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Saturday, July 13, 2013


Usual high standard of performance from Heritage Theatre’s resident band. (Review by Keith Millar)

Back by popular demand, and running for this week only at the Heritage Theatre, is the musical tribute show, Rodriguez – Cold Fact. It is a celebration of the music of the early 1970’s Detroit folksinger, Sixto Rodriguez, as well as a reflection on his unusual life and career.

Rodriguez, known as Sugarman after his best loved song, had a brief musical career during which time his two albums received critical recognition but did not sell well. So he went back to work as a building labourer.

However, unknown to Rodriguez, his music had struck a chord with the youth of South Africa where he became A super star. With his poetry-like lyrics and his anti-establishment sentiments, he was adopted as a cult hero and a symbol of the struggle of young white people to come to terms with the political situation in South Africa at the time. With no new releases, he slowly faded into obscurity. In fact, there were rumours that he had committed suicide.

This, however, was not good enough for a group of fans who tracked him down in the 1990’s. This led to a revival of his career after over 20 years in the wilderness. He was a headline act at the Glastonbury Festival in Britain this year.

Often compared to Bob Dylan, Rodriguez’s music is meaningful, expressive and very listenable. Many of his lyrics are still very pertinent to world of today.

The Heritage resident band, The Reals, performed this music with consummate skill and flair. Vocals were shared between Barry Thompson and guitar, Jason Andrew on bass and Mali Sewell on Drums, while Music Director Dawn Selby was busy providing all the orchestrations from her keyboards. The band did not try to replicate Rodriguez’s distinctive voice. They make the music their own and deliver their usual high standard of performance.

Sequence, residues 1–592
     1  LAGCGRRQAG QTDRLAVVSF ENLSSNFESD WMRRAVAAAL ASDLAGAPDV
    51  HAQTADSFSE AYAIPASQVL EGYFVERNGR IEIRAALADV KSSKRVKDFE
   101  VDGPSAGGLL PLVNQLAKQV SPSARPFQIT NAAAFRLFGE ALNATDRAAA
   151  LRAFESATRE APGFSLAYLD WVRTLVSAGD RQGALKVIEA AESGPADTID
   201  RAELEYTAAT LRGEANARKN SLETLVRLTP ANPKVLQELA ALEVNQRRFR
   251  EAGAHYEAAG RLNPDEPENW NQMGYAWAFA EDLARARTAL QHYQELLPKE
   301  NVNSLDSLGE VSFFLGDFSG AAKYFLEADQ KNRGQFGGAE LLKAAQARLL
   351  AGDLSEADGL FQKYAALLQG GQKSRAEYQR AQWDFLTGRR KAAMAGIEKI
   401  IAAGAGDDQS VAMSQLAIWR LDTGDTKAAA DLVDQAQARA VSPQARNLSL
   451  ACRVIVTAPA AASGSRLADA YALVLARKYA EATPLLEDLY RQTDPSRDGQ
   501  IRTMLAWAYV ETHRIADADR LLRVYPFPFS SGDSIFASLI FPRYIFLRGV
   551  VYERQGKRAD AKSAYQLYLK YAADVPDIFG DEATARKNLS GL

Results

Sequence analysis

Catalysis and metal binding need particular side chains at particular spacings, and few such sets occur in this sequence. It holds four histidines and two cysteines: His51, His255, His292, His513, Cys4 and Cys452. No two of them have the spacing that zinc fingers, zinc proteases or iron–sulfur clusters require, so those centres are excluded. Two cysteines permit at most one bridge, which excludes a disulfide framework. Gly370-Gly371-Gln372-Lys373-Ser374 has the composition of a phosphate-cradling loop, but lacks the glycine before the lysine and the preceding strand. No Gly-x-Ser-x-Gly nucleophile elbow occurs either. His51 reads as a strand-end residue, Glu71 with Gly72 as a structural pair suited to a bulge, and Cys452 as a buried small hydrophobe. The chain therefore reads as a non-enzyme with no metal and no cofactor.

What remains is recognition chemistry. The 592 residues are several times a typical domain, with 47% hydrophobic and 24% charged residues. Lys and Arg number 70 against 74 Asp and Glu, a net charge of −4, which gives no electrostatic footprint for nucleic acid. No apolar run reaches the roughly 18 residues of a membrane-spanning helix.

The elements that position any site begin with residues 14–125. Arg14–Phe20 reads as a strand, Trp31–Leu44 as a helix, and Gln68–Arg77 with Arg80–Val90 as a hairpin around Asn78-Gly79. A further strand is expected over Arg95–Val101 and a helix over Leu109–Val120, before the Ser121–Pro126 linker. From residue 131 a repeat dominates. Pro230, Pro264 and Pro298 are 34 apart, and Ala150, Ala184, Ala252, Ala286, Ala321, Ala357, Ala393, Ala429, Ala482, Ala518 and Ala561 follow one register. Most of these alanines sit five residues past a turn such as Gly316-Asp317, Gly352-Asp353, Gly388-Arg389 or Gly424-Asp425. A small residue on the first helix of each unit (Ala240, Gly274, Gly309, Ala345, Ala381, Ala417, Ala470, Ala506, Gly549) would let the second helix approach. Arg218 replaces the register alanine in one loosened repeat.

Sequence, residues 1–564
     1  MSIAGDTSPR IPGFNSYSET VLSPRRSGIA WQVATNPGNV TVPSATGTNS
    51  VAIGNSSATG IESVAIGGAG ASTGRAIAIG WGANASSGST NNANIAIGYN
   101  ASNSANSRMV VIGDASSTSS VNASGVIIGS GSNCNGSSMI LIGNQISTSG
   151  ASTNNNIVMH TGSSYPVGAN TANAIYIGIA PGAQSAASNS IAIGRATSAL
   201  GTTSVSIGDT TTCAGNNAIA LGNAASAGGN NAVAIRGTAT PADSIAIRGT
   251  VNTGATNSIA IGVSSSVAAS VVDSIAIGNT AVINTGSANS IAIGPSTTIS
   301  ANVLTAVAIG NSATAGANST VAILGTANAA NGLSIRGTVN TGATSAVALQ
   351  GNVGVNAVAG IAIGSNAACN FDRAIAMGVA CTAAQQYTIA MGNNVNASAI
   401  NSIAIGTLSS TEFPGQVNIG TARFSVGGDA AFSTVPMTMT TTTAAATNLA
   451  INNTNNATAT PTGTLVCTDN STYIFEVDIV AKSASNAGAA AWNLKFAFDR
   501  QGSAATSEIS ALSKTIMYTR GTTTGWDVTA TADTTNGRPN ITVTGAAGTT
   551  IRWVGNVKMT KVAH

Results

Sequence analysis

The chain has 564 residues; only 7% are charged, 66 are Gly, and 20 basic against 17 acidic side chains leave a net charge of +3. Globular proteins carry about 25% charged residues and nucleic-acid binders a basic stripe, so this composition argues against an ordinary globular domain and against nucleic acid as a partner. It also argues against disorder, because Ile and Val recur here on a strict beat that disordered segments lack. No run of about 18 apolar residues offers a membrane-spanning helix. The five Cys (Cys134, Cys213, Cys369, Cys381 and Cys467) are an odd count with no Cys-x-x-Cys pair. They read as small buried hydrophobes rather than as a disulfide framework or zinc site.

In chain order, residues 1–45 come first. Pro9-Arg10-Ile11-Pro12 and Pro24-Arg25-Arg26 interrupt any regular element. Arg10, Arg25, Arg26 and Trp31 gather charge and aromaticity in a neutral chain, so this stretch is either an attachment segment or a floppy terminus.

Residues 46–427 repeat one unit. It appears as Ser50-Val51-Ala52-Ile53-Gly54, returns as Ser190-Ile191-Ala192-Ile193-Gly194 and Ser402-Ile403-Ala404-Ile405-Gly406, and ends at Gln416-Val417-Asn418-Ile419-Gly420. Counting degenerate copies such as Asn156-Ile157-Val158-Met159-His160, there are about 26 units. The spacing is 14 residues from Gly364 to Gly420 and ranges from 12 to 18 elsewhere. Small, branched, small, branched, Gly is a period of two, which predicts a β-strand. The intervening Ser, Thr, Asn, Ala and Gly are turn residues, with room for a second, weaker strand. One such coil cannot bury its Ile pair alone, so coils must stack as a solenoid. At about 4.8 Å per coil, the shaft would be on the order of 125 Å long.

Featuring mostly items from Rodriguez’s first album, Cold Fact, the show included all the best remembered songs such as I Wonder, Establishment Blues, Sugarman, Forget It, Only Good For Conversation and the amusing A Most Disgusting Song.

A highlight of any visit to the Heritage Theatre is usually the meal they serve, and last night was no different. I started with the Soup of the Day which was a delectable butternut, carrot, leak and celery blend. Rich and creamy with a hint of pepper it was the ideal comfort food for a chilly and slightly damp evening. The wife thoroughly enjoyed the Portuguese Calamari while other starters on the menu included Heritage Chicken Salad and a Chef’s Special of Garlic Snails at a extra cost.

For main course, I chose the Braised Pork Neck Steak for the third time in a row. Partly because I am boring but also because it is just so damn good. Rich and strong in flavour it is cooked to perfection and melts in the mouth. My wife raved about her Baked Baby Chicken while a friend who was with us thought her Sea Catch was superb. There is also a Veggie Stack available and the Heritage’s famous Lamb Shank at a slightly extra cost. Compliments to the chef for proving a really fine dining experience.

Rodriguez – Cold Fact is a must for all Sugarman fans – and there are many of them going by size of last night’s audience. The Food?  Well - that is a must for everyone.

The show runs until Sunday (July 14) at the Heritage Theatre in Hillcrest. Tickets R195 Saturday night and R165 for Sunday lunch, including a two-course meal. Early booking is advised by phoning 031 765 4197 or online at – Keith Millar